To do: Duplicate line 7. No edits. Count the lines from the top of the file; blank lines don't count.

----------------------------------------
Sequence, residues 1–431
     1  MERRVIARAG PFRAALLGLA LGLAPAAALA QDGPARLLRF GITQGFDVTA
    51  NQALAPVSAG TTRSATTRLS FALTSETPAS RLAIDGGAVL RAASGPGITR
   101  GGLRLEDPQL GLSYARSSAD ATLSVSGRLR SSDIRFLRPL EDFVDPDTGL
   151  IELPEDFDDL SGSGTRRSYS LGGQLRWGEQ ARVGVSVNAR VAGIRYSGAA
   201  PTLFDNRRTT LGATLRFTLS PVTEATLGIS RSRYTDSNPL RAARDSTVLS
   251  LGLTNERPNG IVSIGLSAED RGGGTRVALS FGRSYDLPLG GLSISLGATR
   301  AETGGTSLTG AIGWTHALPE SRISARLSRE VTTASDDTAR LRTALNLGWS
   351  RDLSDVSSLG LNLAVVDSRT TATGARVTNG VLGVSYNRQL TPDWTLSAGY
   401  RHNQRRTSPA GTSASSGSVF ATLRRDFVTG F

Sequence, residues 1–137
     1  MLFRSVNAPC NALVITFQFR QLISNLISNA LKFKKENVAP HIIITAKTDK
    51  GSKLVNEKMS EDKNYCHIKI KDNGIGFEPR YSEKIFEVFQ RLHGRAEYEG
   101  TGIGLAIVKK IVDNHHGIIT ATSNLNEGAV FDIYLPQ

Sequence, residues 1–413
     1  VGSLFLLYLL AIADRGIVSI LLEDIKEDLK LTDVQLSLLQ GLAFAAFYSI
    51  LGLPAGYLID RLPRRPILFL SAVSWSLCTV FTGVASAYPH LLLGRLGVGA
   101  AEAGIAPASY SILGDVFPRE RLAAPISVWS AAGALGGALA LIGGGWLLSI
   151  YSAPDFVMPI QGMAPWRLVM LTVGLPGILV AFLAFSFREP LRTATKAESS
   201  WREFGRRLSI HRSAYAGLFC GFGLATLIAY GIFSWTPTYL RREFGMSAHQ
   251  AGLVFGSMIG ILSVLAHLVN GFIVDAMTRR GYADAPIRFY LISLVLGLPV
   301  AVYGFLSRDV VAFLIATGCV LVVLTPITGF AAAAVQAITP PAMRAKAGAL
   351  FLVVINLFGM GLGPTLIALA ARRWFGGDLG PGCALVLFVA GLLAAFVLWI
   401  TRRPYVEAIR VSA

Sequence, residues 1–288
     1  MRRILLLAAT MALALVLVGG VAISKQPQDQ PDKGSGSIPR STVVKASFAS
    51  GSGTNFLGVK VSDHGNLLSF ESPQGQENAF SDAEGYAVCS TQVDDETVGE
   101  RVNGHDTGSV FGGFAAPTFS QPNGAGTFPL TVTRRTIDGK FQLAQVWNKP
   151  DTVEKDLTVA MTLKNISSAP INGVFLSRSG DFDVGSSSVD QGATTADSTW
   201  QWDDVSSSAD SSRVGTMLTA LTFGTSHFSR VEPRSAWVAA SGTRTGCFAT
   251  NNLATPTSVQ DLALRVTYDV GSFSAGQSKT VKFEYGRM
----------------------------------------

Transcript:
   251  LGLTNERPNG IVSIGLSAED RGGGTRVALS FGRSYDLPLG GLSISLGATR